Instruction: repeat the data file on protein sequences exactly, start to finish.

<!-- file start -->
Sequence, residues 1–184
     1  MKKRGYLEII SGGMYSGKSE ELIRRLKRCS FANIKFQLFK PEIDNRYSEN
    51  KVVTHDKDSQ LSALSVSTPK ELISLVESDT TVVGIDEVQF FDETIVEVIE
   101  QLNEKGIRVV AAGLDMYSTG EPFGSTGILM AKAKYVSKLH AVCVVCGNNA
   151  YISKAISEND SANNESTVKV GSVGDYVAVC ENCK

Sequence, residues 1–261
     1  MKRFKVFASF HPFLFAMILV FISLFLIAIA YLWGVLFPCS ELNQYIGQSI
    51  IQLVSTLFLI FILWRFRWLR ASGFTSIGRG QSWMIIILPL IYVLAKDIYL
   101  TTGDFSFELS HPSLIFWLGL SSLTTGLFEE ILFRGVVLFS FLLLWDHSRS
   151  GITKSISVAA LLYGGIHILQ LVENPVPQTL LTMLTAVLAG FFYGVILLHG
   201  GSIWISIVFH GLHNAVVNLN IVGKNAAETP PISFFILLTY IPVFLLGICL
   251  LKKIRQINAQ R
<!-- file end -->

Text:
Sequence, residues 1–184
     1  MKKRGYLEII SGGMYSGKSE ELIRRLKRCS FANIKFQLFK PEIDNRYSEN
    51  KVVTHDKDSQ LSALSVSTPK ELISLVESDT TVVGIDEVQF FDETIVEVIE
   101  QLNEKGIRVV AAGLDMYSTG EPFGSTGILM AKAKYVSKLH AVCVVCGNNA
   151  YISKAISEND SANNESTVKV GSVGDYVAVC ENCK

Sequence, residues 1–261
     1  MKRFKVFASF HPFLFAMILV FISLFLIAIA YLWGVLFPCS ELNQYIGQSI
    51  IQLVSTLFLI FILWRFRWLR ASGFTSIGRG QSWMIIILPL IYVLAKDIYL
   101  TTGDFSFELS HPSLIFWLGL SSLTTGLFEE ILFRGVVLFS FLLLWDHSRS
   151  GITKSISVAA LLYGGIHILQ LVENPVPQTL LTMLTAVLAG FFYGVILLHG
   201  GSIWISIVFH GLHNAVVNLN IVGKNAAETP PISFFILLTY IPVFLLGICL
   251  LKKIRQINAQ R